Along with developing motor skills and temper tantrums, pickiness at the dinner table is one of the classic hallmarks your child has reached the toddler stage. When you're dealing with a child that will only eat a single food or wants to avoid eating altogether, it's very easy for a serious nutritional deficiency to sneak up on you. Keep a watchful eye out for these five early signs of nutritional deficiencies so you can see a pediatrician promptly for help.
Is your toddler starting to develop itchy patches of dry skin that look a lot like eczema? Before you jump to the conclusion that they're developing a lifelong health problem, take them to the doctor and ask for a test to determine if there is a Vitamin B2 deficiency behind the problem. A lack of B2 often causes dry skin that accelerates into the condition known as seborrhea. Unlike eczema, this kind of dermatitis is relatively short-lived and should clear up once you balance out your child's diet by adding toddler-friendly foods like almonds or almond butter, naturally made yogurt without too much added sugar, and turkey prepared in any way.
Keep on eye on your child's skin after they spend some time in the sun for a few days in a row. When you notice dark spots or patches appearing on the skin most exposed to the sun, it's hyperpigmentation that may indicate you are facing a lack of niacin. Also known as B3, a deficiency also causes a bright red color that resembles the results of a popsicle or candy binge. Take immediate measures to add B3 supplements or foods to your toddler's diet or they'll soon be struggling with serious neurological effects like anxiety, depression, and insomnia. Turkey, chicken, and peanuts are great sources of this vitamin, but if your toddler avoids meat, you may need the doctor to administer a vitamin shot or use oral vitamin drops for a few months.
Most parents are well aware that a lack of Vitamin C leads to bleeding gums, yet the usual techniques used for cleaning toddler teeth and gums rarely cause enough bleeding to be noticeable since flossing is tricky with a combative three-year old. Make sure you're paying close attention to the next brushing session and use a flashlight to spot the faintest signs of red emerging from the gums. Going to the pediatrician first is smart since a Vitamin C deficiency threatens both the growth rate and immune system of your child. If the doctor rules out nutritional issues, then you'll know for sure it's time to see a dentist instead. While oranges are the food most commonly associated with Vitamin C, potatoes and strawberries are also a surprisingly great source of it.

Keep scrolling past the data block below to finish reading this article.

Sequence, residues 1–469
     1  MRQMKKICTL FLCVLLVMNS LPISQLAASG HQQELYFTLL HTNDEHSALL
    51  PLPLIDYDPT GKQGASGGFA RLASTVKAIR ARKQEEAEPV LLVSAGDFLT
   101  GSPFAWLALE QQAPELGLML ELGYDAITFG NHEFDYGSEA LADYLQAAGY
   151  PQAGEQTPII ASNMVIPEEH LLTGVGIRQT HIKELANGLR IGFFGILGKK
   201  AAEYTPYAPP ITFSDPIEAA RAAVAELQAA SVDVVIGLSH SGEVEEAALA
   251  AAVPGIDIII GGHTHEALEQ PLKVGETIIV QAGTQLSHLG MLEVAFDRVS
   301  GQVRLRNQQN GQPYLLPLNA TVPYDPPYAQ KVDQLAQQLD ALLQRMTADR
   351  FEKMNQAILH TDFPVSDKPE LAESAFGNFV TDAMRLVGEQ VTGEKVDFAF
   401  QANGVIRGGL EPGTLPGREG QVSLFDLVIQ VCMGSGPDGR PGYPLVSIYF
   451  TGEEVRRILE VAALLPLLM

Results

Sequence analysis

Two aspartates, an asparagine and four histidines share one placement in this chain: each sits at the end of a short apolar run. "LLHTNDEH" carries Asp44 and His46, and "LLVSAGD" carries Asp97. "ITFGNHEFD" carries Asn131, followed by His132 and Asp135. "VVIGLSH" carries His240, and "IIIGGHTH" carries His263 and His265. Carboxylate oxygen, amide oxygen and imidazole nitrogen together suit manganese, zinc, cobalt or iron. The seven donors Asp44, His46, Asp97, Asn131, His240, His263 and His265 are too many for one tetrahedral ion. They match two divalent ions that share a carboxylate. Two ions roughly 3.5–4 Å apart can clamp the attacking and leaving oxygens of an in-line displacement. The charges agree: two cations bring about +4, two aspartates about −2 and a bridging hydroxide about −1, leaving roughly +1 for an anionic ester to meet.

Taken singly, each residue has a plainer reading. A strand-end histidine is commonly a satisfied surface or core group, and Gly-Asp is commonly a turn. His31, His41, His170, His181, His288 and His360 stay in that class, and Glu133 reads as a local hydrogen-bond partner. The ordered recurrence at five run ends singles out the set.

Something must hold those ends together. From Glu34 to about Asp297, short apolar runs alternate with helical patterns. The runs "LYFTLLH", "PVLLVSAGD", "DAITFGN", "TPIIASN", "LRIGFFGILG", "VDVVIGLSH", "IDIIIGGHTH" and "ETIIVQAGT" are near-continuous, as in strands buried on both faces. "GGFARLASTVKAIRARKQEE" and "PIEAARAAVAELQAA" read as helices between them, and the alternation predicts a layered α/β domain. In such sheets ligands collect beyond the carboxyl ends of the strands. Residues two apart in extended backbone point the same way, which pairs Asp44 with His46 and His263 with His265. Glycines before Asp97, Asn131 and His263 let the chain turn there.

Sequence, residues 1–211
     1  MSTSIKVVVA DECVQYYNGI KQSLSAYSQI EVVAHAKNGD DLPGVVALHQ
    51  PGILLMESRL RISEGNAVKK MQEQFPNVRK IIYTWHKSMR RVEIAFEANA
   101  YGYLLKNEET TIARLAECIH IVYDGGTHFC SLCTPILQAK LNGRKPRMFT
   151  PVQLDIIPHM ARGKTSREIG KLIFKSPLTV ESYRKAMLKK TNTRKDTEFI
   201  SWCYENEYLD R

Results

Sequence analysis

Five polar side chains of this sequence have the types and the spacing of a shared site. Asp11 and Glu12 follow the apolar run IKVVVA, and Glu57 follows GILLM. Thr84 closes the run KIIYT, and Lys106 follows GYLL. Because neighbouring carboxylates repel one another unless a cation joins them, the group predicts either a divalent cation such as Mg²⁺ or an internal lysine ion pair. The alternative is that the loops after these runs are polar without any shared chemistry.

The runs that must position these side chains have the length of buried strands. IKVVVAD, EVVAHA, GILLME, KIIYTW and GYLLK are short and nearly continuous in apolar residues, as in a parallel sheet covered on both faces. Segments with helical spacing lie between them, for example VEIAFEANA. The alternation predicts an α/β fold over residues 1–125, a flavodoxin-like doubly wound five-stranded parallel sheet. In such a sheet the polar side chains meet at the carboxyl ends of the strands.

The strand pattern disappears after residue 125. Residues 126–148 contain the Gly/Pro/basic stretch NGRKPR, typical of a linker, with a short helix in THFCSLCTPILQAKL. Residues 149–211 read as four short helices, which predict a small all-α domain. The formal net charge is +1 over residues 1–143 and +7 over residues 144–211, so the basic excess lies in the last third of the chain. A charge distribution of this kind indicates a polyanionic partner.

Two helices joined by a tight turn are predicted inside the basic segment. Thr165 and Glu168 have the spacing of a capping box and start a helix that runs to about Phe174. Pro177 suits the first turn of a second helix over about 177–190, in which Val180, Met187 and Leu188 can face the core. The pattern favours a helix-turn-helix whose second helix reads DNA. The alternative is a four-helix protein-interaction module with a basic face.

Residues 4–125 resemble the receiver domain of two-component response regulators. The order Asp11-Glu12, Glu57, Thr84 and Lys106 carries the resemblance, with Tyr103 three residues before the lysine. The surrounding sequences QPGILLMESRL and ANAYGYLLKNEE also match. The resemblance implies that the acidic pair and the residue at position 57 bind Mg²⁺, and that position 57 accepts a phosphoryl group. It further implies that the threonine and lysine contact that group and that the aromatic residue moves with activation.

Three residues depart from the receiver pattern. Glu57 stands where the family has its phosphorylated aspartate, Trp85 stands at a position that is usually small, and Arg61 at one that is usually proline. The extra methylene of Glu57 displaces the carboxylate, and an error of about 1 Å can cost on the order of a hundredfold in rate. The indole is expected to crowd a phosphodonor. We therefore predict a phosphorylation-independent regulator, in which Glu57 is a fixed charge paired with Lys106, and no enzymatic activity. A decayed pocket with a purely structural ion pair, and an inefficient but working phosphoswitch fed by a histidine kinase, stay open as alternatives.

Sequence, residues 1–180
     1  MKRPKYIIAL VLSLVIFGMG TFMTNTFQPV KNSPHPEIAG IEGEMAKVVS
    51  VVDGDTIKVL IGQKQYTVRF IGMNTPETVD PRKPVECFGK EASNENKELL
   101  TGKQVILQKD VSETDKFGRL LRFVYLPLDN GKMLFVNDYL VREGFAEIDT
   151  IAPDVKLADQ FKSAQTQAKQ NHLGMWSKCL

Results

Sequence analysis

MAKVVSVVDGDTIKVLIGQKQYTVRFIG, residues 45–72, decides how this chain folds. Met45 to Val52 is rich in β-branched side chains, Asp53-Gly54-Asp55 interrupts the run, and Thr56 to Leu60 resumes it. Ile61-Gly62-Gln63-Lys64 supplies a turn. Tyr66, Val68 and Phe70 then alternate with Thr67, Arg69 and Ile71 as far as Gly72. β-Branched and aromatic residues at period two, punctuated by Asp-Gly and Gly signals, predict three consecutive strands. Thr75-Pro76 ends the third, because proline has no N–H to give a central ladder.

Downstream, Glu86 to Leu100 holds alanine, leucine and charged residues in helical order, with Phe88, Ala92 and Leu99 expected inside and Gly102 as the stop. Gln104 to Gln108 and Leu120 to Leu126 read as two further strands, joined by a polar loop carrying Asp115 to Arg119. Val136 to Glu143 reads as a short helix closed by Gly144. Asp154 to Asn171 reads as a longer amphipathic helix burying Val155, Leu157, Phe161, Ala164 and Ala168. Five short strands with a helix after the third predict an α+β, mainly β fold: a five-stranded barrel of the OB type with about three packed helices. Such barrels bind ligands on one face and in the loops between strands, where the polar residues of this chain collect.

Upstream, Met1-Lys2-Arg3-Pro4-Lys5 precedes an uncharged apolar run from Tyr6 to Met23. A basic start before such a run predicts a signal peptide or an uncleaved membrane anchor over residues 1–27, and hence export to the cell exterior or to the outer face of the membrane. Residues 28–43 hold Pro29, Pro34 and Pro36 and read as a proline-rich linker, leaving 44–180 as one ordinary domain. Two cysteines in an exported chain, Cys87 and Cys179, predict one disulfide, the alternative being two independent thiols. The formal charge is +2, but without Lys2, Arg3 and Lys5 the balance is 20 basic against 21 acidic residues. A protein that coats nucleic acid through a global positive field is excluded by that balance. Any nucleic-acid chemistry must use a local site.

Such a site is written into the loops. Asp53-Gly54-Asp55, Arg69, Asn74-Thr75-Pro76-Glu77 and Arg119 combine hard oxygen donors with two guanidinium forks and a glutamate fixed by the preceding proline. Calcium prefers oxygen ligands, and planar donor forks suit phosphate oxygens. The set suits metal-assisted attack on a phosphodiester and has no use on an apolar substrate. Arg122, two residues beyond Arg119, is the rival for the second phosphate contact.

Toddlers usually have quite a fast healing rate, often losing signs of a bump or scratch just days after the initial injury. Are your toddlers little bruises and other injuries starting to linger a lot longer than usual? This could be a sign of a Vitamin A, Vitamin B-12, or Vitamin C deficiency, so it's definitely not a problem you can diagnose at home just by the symptoms. It's also a sign of other serious conditions that could affect your toddler's long-term health, so go in for a checkup anytime you notice wounds are healing more slowly without infection or another common complication. Vitamin A can be particularly tricky to get enough of because it's most concentrated in dark leafy greens toddlers often reject, but fortified cereal products are a good source.
Finally, remember that toddlers should have plenty of energy, even if they do have days when they'd rather nap on the floor or just lay around. When you can't get your child jumping around and dancing to the music with even their favorite toys and games, it might be time to do a full nutritional panel test to see what's missing. A lack of any of the B Vitamins can contribute to low energy levels, but you can't simply give a toddler a broad spectrum supplement since they're sensitive to overdoses of vitamins and minerals as well. Let your pediatrician determine what's needed and exactly how much, especially if your toddler refuses to eat meats, mushrooms, and yogurt, since these are some of the richest sources of all the B Vitamins.
For more information, consult a local pediatrics clinic.